Following the engaging, global-looking keynote address at The Society of Young Publishers’ annual conference (which I have covered in a previous post here), the audience split off to listen to a vast range of industry speakers share their knowledge. We were faced with five different streams: Best Career Foot Forward, Let’s Get Topical, The Innovative Publisher, New Frontiers, and What Next For Our Modern Business?
Drawn by my interest in art and cross-media content, I headed to ‘Publishing in the Arts’ in the New Frontiers track. This talk was opened by Vanessa Garden from Tate Publishing.
Tate Publishing have produced titles covering Alexander McQueen to David Bowie to J. M. W. Turner, and often publish books to coincides with their collections. Museum publishers’ titles frequently feature in the Art Book Bestseller lists, but why do they publish their own books?
- A museum has a brand and culture and publishing their own titles extends the museum’s mission.
- They will often commission titles that are linked to collections and special exhibitions (as well as a dedicated range of artist biographies and student study books).
- They are able to offer a range of titles to cater to all audiences – different levels of interest, knowledge, format and price. E.g. Matisse Cut Outs exhibition: Exclusive Matisse interview book, Cut Outs exhibition catalogue, Tate biography of Matisse, children’s colouring books.
- They make available current supporting research and scholarship connected to the works.
- Books contribute to the visitor experience: a physical reminder of intangible experience.
- To generate a profit.
Whilst museum publishers may be less able to follow trends because of their need to align with the brand, they do have other advantages. Firstly, they have access a dedicated retail channel through the museum itself and are able to work with a range of experts from other departments to produce/promote their content. For example: working with the digital departments to create a multi-channel experience, or creating colour-in placements for the restaurants which direct people back to the shop.
Secondly, museums are part of a network of touring partners (where the exhibition goes next) and Tate will often sell on rights to the Tate catalogues. In these cases it is important to consider cultural differences and accommodate varying artistic and commercial preferences: different dynamics, voices, audience.
In the UK, the Tate chose a photographic cover for Agnes Martin‘s book but the cover differed in Germany where it was thought Martin was new to their audience and therefore required a safer cover that demonstrated her work.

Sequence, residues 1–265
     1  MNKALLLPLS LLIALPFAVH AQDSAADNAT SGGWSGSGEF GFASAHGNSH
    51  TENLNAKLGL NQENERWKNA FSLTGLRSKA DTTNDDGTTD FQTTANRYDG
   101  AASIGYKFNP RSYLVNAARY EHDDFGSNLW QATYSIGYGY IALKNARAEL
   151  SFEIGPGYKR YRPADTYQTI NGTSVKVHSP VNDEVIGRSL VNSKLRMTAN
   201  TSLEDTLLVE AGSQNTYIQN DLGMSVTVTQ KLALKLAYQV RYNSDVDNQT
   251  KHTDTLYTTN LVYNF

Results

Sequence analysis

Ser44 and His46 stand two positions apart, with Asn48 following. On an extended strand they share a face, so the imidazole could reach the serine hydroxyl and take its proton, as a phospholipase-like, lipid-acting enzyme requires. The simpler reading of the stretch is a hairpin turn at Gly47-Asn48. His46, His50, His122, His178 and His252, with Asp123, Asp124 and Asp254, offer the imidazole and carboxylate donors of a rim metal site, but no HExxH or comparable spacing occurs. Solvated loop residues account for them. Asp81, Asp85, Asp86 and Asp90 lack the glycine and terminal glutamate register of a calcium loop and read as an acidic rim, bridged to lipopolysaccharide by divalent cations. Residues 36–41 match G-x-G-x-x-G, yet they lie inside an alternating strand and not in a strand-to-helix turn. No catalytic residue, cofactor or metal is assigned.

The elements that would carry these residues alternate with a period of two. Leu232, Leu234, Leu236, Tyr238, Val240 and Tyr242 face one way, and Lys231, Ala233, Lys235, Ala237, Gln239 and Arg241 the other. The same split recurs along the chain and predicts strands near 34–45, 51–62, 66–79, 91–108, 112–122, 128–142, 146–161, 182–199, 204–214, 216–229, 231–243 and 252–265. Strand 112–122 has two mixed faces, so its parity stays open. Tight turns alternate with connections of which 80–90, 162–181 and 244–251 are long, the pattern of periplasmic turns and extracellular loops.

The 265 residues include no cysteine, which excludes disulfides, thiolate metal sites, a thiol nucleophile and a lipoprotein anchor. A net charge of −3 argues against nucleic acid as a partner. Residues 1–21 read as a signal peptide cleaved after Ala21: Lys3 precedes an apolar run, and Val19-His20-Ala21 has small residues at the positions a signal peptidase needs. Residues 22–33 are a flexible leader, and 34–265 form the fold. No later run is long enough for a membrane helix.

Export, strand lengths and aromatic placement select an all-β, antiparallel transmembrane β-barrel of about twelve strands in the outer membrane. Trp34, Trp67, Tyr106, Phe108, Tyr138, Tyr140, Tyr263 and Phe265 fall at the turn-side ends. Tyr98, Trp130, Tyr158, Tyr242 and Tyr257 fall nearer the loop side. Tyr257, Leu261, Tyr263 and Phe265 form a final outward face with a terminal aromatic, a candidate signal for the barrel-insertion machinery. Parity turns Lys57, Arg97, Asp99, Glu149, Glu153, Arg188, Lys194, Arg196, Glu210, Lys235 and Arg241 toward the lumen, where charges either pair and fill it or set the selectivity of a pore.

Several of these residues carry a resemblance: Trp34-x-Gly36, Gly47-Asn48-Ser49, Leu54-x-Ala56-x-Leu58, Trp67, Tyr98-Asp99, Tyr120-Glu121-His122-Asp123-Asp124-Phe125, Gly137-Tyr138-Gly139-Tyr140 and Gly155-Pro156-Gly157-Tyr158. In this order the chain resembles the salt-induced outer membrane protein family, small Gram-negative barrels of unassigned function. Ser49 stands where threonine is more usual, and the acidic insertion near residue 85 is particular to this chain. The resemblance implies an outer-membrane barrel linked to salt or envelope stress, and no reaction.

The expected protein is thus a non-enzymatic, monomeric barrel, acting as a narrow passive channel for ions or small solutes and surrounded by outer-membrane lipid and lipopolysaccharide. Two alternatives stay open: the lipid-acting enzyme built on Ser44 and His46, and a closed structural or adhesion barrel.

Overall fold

Museum publishing does face it’s own challenges though. Cuts to government funding to arts have meant that many are looking at publishing partnerships, outsourcing their catalogue production to larger publishers. This way the museums still have catalogues, and may even be able to sell more, however, they lose the intellectual property rights to their content.
Another threat is digitalisation. Whilst some of the Tate’s backlist has been digitised and they have created some apps (mainly children’s), illustrated books still struggle in this format and they are looking to work closer with the Tate gallery’s digital projects to counter this.
We then heard from Emily Ardizzone, Digital Fashion Projects at Bloomsbury.
From studying fashion to interning for fashion/textile departments in museums to freelancing in catalogue production, Emily made it very clear that it was her subject knowledge that nailed her this position.
All books in Bloomsbury’s visual arts department are academic and so the majority of books are bought by libraries, academics and students. Interestingly, a large number of students of visual arts have learning difficulties so all books and products are published with this in mind.
Digital projects are central to Bloomsbury’s production focus (all visual arts academic titles will have a digital project with the next 5-10 years) and this is what Emily focused on in her talk.
The Berg Fashion Library is a huge online, subscription-based fashion museum, which hosts 30,000 images, 90 eBooks, and lesson plans. Through partnerships with museums, Bloomsbury offer a wealth of images, all contextualised with articles, linking back to the original museum website to drive traffic and promote the museum’s collections. This goes to show how collaboration can enhance content.
70,000 slides are being digitized, dating from 1970s-2000s, covering key moments in recent fashion history including McQueen’s graduate collection and the rise of the supermodel. Unlike other collections, these will not be heavily curated and will give a more balanced and insightful view of the clothes and models’ movement and expression. All images are also being tagged with Berg Fashion Library’s own taxonomy to make them discoverable online. Biographies are also included for every designer featured in archive – no matter how small.
The site is regularly updated with new content and new functionalities, and they are currently building an enhanced timeline to give full history of dress by country.
- Cultural sensitivity is important – some images are inappropriate in certain territories.
- A basic understanding of copyright is a huge advantage.
- Work with other departments – if the rights team think the title will not work elsewhere, is it a feasible project?
- When working with authors: demonstrate a basic subject knowledge, engage, express yourself confidently.
- Formal digital skills may not be essential but a knowledge of user experience and site design is valuable. You could review websites as practise, or even review the site of a company your applying for.
This session gave a fantastic insight into areas of publishing that many don’t consider. But even if arts publishing isn’t for you, the attitude towards collaboration, innovation and digital can inspire everyone.